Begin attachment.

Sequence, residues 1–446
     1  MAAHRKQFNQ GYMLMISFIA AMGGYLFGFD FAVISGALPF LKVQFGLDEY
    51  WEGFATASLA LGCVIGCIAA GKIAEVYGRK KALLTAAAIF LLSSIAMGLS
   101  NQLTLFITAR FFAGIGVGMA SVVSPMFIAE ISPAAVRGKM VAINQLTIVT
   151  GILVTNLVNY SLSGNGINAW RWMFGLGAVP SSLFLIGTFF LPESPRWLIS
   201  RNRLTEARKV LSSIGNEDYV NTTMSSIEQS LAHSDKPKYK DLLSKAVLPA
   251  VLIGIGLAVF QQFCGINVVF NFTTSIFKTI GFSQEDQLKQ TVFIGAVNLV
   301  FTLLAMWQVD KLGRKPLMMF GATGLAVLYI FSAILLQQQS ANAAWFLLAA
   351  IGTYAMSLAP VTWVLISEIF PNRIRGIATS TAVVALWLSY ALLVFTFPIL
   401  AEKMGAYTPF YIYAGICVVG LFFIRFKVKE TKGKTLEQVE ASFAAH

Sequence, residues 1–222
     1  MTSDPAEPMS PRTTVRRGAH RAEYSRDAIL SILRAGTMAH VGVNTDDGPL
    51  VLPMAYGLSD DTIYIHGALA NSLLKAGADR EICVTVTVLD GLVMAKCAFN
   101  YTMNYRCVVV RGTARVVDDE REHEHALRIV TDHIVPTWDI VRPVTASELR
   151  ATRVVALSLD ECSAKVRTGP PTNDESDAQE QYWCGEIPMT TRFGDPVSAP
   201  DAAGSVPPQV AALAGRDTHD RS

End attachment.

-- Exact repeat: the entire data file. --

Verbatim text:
Sequence, residues 1–446
     1  MAAHRKQFNQ GYMLMISFIA AMGGYLFGFD FAVISGALPF LKVQFGLDEY
    51  WEGFATASLA LGCVIGCIAA GKIAEVYGRK KALLTAAAIF LLSSIAMGLS
   101  NQLTLFITAR FFAGIGVGMA SVVSPMFIAE ISPAAVRGKM VAINQLTIVT
   151  GILVTNLVNY SLSGNGINAW RWMFGLGAVP SSLFLIGTFF LPESPRWLIS
   201  RNRLTEARKV LSSIGNEDYV NTTMSSIEQS LAHSDKPKYK DLLSKAVLPA
   251  VLIGIGLAVF QQFCGINVVF NFTTSIFKTI GFSQEDQLKQ TVFIGAVNLV
   301  FTLLAMWQVD KLGRKPLMMF GATGLAVLYI FSAILLQQQS ANAAWFLLAA
   351  IGTYAMSLAP VTWVLISEIF PNRIRGIATS TAVVALWLSY ALLVFTFPIL
   401  AEKMGAYTPF YIYAGICVVG LFFIRFKVKE TKGKTLEQVE ASFAAH

Sequence, residues 1–222
     1  MTSDPAEPMS PRTTVRRGAH RAEYSRDAIL SILRAGTMAH VGVNTDDGPL
    51  VLPMAYGLSD DTIYIHGALA NSLLKAGADR EICVTVTVLD GLVMAKCAFN
   101  YTMNYRCVVV RGTARVVDDE REHEHALRIV TDHIVPTWDI VRPVTASELR
   151  ATRVVALSLD ECSAKVRTGP PTNDESDAQE QYWCGEIPMT TRFGDPVSAP
   201  DAAGSVPPQV AALAGRDTHD RS